Category: Coronavirus

Domestic Violence Increased During Lockdown In The United States

By Emily Reynolds

From the very beginning of the pandemic, activists and charities raised concerns that lockdown could be having an impact on domestic violence. Women’s Aid noted that home is often an unsafe environment for those experiencing abuse, while earlier this year Refuge stated that they’d seen a 60% increase in monthly calls to their National Domestic Abuse helpline.

A new study, published in Psychology of Violence, looks at rates of intimate partner violence during the pandemic in the United States. Like data from the UK, it suggests that domestic violence increased during lockdown — and that this was particularly linked to stress.

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First-Hand Reports Of “Brain Fog” Highlight Struggles Of Those Living With Long Covid  

By Emma L. Barratt

Around one in five of those who have recovered from Covid-19 report ongoing symptoms, also known as long Covid. Experiences with this new condition are varied, and several symptoms are neuropsychological in nature.

One such symptom is brain fog. Though not a medical diagnosis in itself, this term is recognised by many health professionals, and refers to a fluctuating and varied set of symptoms which severely affect the sufferer’s ability to think clearly, or conduct their lives as they previously have.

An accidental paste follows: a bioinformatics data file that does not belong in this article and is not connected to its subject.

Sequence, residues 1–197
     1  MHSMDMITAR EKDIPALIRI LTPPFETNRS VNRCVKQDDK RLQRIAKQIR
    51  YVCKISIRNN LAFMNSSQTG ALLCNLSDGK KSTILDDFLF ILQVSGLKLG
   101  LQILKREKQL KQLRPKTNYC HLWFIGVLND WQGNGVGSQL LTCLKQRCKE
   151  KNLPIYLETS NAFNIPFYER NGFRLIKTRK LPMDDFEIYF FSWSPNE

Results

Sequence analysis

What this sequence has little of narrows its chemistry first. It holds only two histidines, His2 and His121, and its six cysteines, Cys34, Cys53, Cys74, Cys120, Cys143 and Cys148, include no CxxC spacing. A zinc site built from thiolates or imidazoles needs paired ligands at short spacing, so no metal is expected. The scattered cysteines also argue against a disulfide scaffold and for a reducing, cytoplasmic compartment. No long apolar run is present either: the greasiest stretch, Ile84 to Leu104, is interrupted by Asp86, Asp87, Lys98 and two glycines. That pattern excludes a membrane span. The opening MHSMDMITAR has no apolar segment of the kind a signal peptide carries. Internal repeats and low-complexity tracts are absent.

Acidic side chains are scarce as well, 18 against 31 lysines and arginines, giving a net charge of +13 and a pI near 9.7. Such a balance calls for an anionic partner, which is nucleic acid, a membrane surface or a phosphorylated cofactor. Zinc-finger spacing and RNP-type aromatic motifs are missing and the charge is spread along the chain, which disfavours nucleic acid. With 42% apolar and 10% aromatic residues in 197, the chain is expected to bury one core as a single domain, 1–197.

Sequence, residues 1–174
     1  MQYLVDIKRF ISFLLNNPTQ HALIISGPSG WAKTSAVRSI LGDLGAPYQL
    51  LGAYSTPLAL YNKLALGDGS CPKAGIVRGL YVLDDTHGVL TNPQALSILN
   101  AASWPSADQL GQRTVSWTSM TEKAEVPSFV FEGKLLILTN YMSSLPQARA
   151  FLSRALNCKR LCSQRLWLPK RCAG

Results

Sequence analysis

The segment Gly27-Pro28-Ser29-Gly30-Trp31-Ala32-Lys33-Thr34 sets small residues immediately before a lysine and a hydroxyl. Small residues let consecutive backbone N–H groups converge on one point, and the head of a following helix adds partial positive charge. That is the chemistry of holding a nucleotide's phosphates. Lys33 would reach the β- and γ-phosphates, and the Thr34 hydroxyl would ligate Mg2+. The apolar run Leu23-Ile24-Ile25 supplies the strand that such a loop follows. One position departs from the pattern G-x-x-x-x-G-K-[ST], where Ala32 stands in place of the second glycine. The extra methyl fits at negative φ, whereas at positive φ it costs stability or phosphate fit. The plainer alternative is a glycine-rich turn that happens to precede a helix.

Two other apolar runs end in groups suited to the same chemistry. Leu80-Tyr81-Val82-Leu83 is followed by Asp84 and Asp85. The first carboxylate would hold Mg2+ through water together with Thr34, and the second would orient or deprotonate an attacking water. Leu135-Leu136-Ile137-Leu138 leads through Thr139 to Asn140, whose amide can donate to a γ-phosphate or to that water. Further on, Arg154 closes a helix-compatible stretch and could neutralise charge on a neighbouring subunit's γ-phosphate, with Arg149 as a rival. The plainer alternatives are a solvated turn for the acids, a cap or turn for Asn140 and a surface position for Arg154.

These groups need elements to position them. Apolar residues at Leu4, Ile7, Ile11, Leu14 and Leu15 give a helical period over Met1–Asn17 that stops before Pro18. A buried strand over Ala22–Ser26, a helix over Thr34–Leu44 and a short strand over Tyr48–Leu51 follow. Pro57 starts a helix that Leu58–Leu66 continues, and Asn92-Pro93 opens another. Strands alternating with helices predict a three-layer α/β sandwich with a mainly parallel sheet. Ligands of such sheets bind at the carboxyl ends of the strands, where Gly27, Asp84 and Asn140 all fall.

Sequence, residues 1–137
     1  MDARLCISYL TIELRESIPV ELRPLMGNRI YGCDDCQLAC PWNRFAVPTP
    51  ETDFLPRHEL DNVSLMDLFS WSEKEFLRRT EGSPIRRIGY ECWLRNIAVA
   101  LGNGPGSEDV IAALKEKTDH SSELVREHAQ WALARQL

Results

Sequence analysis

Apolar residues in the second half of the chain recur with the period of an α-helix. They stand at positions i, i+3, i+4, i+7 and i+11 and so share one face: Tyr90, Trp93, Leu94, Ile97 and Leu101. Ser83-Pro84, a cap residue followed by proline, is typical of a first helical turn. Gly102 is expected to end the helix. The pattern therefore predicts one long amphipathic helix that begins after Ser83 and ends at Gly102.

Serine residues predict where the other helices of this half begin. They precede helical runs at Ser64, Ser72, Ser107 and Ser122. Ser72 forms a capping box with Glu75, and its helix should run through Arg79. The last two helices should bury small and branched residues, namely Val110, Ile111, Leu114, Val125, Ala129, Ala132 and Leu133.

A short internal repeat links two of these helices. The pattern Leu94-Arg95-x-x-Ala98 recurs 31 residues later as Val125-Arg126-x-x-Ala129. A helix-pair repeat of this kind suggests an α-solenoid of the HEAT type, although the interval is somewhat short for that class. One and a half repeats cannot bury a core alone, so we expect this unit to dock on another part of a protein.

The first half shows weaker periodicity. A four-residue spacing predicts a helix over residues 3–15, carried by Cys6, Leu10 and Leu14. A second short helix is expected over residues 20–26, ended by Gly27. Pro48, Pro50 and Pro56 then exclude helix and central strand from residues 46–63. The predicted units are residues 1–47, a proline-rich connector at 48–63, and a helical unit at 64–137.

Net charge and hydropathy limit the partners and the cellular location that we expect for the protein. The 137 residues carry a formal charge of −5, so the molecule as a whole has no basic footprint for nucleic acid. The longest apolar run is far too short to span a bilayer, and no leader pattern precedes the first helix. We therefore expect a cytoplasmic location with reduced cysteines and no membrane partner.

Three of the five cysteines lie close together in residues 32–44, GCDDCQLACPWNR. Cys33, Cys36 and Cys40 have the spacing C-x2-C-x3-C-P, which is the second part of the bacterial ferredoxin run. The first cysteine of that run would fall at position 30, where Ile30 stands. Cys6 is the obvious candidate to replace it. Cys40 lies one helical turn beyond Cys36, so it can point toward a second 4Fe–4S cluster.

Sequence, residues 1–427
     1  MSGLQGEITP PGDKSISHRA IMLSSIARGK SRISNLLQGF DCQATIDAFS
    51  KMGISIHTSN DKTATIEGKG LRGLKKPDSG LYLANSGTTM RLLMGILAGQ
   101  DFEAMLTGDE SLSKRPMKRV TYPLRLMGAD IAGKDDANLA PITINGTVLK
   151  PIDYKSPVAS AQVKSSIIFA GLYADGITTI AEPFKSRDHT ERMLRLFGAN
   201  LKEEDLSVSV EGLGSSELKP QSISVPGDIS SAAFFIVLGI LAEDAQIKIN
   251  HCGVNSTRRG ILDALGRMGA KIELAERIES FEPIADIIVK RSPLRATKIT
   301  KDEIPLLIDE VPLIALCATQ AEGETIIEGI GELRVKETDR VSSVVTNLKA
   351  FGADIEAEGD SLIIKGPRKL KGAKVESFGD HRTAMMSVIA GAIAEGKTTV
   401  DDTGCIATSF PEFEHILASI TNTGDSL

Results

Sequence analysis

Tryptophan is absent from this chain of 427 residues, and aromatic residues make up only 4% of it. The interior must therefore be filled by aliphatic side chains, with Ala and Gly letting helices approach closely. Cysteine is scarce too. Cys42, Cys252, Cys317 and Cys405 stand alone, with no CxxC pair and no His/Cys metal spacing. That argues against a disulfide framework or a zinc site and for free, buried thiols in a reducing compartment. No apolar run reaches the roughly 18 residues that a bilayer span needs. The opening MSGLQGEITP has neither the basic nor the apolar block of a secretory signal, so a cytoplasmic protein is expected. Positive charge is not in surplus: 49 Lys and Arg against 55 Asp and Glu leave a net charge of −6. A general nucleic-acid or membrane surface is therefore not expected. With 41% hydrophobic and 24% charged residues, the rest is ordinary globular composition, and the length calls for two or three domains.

Brain fog is often thought of as a benign, non-specific symptom, and in some circles is even dismissed as malingering. But in fact, it’s a symptom widely associated with chemotherapy, an issue for 40% of those with HIV, and source of frustration for many during pregnancy, amongst other medical conditions. Several neurological mechanisms have been proposed, but as of yet scientists don’t agree on the exact physical cause. As such, research looking into this after-effect of Covid is likely to garner a wide array of responses.

At this stage, understanding the experience of brain fog in long Covid is important — in order to tackle a new condition, researchers must first obtain a thorough description of the problem. This is the starting point from which further research can truly begin. To this end, researchers based at Oxford University recruited 50 participants from previous long Covid studies and online long Covid support groups to participate in remotely-held focus groups.